IRS Watchdog Says Phone Scam is Largest Ever

By: BBB; AP
By: BBB; AP

ROCKFORD (BBB) -- According to recent reports more than 20,000 taxpayers have been the target of phone calls from scammers impersonating IRS agents and totaling a loss of over 1 million dollars. This phone scam is just one of the techniques that scammers use to rip-off unsuspecting consumers. The “dirty dozen” is a list of tax scams that the Better Business Bureau of Chicago and Northern Illinois is warning consumers about.

The phone scam being number one others on the list include:

Identity Theft - The IRS continues to be overwhelmed by identity theft, which occurs when a fraudster uses someone else's name and social security number to claim refunds.

Phishing - If you receive an e-mail that appears to be from the IRS and asks for personal information, it's most likely a phishing scam that wants your identity and your money. The IRS does not reach out to taxpayers via e-mail, texts or social media, so relay any such messages to phishing@irs.gov.

"Free Money” - Be wary of fliers and ads promising "free money" from the IRS or anyone offering a refund that sounds too good to be true. Some scammers target low-income and elderly people, often through churches, convincing them to claim credits they aren't entitled to -- and even Social Security rebates that don't exist. These con artists often charge up-front fees and disappear without a trace before the IRS rejects the claims. The victims don't just lose the scammer's "fee" -- they could also get hit with a $5,000 penalty for making intentional errors on their return.

Return preparer fraud - From inventing extra children to stealing identities, some preparers are bad news. Make sure your tax preparer has an IRS Preparer Tax Identification Number (PTIN). If a preparer doesn't put this number on your tax return as required, or fails to sign the form, that should raise a red flag. And watch out for preparers who base fees on the size of your refund.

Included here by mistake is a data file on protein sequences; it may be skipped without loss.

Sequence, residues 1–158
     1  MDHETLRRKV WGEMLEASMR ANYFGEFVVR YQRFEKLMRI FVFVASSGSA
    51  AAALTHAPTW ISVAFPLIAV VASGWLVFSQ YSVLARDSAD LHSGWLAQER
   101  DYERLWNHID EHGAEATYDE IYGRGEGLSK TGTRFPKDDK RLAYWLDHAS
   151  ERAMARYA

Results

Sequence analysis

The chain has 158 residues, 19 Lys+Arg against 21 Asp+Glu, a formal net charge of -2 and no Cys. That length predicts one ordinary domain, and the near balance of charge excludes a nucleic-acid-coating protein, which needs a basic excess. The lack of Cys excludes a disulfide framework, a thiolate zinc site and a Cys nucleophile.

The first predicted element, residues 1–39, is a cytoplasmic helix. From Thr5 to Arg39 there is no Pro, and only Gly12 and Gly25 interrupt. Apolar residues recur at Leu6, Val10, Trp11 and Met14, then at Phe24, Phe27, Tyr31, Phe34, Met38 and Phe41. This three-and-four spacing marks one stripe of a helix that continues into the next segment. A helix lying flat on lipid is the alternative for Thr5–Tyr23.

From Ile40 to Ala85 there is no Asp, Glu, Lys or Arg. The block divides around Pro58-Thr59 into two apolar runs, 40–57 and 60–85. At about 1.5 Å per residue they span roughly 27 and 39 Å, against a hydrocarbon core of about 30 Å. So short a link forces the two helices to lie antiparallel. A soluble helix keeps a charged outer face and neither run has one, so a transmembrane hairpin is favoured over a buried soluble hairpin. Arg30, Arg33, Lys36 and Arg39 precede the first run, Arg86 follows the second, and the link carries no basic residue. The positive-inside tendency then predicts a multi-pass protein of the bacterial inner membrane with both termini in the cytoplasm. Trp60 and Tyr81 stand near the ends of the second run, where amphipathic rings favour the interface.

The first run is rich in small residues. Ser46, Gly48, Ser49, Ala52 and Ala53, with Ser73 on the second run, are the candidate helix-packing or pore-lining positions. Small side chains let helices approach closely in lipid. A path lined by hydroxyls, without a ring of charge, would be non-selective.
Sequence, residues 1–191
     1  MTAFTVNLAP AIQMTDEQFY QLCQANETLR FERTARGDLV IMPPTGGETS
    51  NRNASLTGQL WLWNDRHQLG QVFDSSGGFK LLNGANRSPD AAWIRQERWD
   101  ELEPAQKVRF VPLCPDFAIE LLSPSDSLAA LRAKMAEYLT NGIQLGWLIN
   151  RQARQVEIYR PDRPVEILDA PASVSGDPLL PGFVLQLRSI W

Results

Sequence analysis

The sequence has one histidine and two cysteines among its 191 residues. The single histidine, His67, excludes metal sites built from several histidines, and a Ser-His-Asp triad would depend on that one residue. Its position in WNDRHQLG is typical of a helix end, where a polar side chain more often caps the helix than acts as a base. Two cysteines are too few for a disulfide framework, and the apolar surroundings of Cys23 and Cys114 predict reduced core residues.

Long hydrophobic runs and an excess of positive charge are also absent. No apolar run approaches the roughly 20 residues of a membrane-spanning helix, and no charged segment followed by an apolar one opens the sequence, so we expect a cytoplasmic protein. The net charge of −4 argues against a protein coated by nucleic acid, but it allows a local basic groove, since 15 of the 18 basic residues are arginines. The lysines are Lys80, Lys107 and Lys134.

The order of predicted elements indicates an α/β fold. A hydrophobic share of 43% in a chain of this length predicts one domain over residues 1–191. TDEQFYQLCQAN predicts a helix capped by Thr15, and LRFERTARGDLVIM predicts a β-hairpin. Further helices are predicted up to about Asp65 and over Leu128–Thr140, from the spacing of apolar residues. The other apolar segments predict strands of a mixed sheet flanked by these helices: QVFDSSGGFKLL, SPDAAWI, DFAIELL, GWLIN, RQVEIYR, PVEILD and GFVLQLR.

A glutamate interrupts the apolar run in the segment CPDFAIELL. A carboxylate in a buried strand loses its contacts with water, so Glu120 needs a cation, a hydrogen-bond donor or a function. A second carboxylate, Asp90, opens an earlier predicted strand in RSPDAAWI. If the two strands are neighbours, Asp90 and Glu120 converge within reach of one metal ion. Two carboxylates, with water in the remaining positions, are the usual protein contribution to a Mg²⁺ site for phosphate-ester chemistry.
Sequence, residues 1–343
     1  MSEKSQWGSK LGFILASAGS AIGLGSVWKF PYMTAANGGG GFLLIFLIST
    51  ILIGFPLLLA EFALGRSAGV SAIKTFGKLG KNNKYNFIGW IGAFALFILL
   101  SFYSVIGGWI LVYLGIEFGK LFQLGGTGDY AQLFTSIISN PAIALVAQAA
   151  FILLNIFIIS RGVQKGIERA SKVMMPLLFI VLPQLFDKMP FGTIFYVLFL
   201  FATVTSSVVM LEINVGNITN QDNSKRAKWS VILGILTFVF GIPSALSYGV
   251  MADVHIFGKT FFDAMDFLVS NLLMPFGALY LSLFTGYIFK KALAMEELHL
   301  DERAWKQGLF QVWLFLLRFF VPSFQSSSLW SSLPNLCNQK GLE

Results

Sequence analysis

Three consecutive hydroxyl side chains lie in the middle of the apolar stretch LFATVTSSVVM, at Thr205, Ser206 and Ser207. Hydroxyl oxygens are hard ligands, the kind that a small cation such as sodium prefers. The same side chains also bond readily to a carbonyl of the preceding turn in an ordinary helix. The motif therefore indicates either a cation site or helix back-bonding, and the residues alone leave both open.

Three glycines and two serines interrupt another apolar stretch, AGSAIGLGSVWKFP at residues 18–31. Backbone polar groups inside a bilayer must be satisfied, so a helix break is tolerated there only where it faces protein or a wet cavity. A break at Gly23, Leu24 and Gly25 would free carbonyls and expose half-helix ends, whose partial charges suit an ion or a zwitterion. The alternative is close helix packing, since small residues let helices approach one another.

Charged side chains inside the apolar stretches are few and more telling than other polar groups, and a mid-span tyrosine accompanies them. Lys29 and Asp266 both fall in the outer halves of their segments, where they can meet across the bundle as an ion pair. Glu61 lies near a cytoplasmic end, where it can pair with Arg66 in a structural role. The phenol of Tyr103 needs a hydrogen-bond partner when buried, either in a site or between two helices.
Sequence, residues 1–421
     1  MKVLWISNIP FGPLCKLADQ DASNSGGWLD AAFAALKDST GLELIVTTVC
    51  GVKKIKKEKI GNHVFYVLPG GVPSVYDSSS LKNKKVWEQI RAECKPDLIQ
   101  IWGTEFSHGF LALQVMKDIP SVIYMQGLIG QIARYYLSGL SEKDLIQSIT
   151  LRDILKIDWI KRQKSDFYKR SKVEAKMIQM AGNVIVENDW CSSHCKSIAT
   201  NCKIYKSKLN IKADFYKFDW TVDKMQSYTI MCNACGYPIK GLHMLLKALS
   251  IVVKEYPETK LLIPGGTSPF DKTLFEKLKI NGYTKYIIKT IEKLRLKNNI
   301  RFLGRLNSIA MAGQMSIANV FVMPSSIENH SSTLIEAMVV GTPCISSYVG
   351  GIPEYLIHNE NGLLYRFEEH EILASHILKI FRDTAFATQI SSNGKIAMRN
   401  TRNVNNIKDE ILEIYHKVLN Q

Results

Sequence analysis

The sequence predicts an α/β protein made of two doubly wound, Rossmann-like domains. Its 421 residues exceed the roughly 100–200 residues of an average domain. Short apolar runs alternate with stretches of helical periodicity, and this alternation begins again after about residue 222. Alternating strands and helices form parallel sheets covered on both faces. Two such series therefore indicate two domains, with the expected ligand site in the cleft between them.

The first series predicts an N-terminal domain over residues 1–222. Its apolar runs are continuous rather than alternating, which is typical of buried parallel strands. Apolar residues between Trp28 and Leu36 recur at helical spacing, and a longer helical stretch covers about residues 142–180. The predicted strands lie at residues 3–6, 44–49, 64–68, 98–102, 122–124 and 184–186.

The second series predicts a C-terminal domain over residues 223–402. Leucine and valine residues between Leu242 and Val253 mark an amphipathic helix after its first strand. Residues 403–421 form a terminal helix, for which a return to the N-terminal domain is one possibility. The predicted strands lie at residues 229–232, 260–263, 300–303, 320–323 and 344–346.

Hiding income offshore - Don't let anyone convince you it's a good idea to hide income abroad. The IRS has been cracking down on taxpayers who do this and has collected billions of dollars in back taxes and penalties from tax cheats since 2009.

Fake charities - It's common for scammers to create fake charities to fraudulently collect money -- especially in the wake of disasters. Before giving money to a charity, verify that the organization is legitimate and that your donations will be tax deductible by using the IRS's Exempt Organizations Select Check. And don't give cash -- use a check or credit card so you have proof of payment. Inflating income and credits

Boosting income or expenses - Getting bigger credits than you deserve can get you in big trouble with the IRS. If you get caught, you'll have to return any fraudulent refund and pay interest and penalties on any amount owed.

Frivolous arguments - Trying to get out of paying taxes? Here are some arguments that will never work: “Filing a tax return is voluntary”, “only gold-based money is taxable” or “your state isn't part of the United States.” Anyone who tries to tell you differently can't be trusted. These are considered frivolous arguments and will be rejected, and you could face a number of penalties.